Rances Barthelemy wins hard-fought match over Arash Usmanee at Magic City Casino
BY SANTOS A. PEREZ
Special to The Miami Herald
Miami resident Rances Barthelemy moved closer to a world title fight but at a very physical toll.
Barthelemy won a hard-fought unanimous decision against Canada’s Arash Usmanee in the main event of Friday night’s show at Magic City Casino.
With the fight’s outcome possibly in the balance, Usmanee attacked Barthelemy at a furious pace in an entertaining 12th round. Usmanee scored repeatedly with rights to the head. A tired and bruised Barthelemy survived Usmanee’s late flurry.
Usmanee’s final round assault was not enough to convince judges Ric Bays, Rich Green and Valerie Dorsett. Bays scored the fight for Barthelemy, 115-113, while Green and Dorsett both had Barthelemy winning, 116-112.
The victory earned Barthelemy the No. 2 junior-lightweight ranking by the International Boxing Federation.
“I had never fought past eight rounds so this was an experience for me,” Barthelemy said. “Thankfully, I have overcome a difficult test.”
The taller Barthelemy (18-0) utilized a lead left jab that frustrated Usmanee from the opening round. As he walked down Usmanee (20-1) with the jab in the first two rounds, Barthelemy also scored with left hooks to the head and combinations to the body when shortening punching range.
Usmanee stepped up his attack and Barthelemy stopped throwing jabs in the third round. Usmanee was effective with combinations to the body and rights to the head.
Barthelemy and Usmanee clashed heads in the fourth round, opening a cut on the bridge of Usmanee’s nose.
Barthelemy established distance in the fifth round and again scored with the left jab to the head. Midway through the round, Barthelemy landed a solid left-right combination to Usmanee’s head. Usmanee fought back later in the round, scoring with combinations to the body.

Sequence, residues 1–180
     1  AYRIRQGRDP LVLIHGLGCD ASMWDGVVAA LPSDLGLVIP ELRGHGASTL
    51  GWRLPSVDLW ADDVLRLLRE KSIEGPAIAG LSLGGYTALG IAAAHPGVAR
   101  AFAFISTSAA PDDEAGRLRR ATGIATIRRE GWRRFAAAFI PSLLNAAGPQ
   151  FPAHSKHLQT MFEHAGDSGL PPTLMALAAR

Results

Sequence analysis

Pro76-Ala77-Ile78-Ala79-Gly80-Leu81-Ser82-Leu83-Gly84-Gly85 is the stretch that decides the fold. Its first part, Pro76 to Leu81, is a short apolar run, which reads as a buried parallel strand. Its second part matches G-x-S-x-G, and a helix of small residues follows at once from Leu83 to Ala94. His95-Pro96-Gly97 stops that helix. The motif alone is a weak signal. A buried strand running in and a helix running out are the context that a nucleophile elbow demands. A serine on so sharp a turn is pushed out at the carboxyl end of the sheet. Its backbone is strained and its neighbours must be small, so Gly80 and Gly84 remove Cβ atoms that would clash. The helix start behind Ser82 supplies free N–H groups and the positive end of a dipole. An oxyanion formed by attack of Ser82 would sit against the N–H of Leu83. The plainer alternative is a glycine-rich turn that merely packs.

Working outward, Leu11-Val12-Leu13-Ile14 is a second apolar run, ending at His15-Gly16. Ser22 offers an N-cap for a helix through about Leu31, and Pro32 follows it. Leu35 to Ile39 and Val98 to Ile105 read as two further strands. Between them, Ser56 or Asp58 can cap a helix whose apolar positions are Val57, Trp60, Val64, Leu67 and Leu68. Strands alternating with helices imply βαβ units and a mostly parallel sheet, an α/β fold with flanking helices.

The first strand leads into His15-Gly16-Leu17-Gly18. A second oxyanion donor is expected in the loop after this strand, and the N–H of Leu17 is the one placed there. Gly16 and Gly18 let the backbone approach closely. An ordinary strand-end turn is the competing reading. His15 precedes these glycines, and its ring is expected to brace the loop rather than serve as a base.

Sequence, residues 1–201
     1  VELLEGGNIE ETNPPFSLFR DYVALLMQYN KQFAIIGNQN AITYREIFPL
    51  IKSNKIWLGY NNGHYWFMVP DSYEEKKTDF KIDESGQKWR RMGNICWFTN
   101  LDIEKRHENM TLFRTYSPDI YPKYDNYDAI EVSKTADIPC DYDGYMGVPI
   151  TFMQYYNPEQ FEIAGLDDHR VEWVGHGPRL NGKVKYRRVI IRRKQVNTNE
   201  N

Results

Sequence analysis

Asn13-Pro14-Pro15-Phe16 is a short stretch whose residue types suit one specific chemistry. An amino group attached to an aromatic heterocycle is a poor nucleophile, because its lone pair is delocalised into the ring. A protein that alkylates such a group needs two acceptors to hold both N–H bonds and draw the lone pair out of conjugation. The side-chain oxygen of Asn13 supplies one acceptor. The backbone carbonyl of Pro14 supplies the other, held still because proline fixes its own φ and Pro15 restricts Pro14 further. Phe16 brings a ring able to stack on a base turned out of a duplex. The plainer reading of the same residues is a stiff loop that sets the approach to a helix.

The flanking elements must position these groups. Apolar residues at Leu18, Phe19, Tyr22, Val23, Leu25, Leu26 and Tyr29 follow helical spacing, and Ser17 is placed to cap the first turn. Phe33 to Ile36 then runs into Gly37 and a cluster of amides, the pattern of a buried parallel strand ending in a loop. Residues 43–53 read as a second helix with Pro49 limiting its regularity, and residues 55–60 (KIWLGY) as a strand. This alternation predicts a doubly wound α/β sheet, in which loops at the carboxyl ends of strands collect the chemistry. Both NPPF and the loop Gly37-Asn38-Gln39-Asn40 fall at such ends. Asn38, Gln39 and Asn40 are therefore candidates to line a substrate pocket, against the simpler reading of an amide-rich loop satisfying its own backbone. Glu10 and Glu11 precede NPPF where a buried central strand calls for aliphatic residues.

Usmanee had a busier seventh round, landing right to the head. Barthelemy opted to fight at a closer range and Usmanee also scored with combinations to the body.
Strengthened by a successful sixth round, Usmanee increased his punch output in the seventh. Usmanee pressured a seemingly tiring Barthelemy and remained busy with rights to the head and combinations to the body.
Both fighters had a busy eighth round as Usmanee continued to chase Barthelemy, who also was willing to trade at short range.
Barthelemy and Usmanee accidentally clashed heads in the 10th, opening a cut near Usmanee’s right eye. The cut momentarily slowed Usmanee as Barthelemy re-established his left jab and also scored with left hooks to the head.
Hairon Socarras took advantage of his debut appearance on ESPN2.
Fighting in the opening bout of the network’s first telecast of the year, Socarras proved he maintains a lethal punch despite a relatively inactive 2012. Socarras scored a one-punch, third-round knockout over Josh Bowles Friday night at the Magic City Casino.
Socarras’ fight-winning shot earns fighters additional TV dates. Carefully measuring his opponent but landing the telling blows through the first two-and-a-half rounds, Socarras found his opening and Bowles never recovered.
Midway through the third round, Socarras (6-0-1, 5 KOs) scored with a left to the head but followed with a potent right to the head that dropped Bowles (6-1) hard to the canvas. Bowles, of Harrisburg, Pa., failed to beat referee Max Parker’s 10-count, ending the junior-featherweight bout at 2:11 of the round.
“We knew he was a difficult opponent, unbeaten like me,” Socarras said on his way to the dressing room. “We just went out and did our job in the third round.”
Socarras, who turns 20 on Jan. 29, burst onto the local fight scene with quick knockout wins in his first four career fights two years ago. But a promotional conflict limited Socarras to an abbreviated fight schedule last year.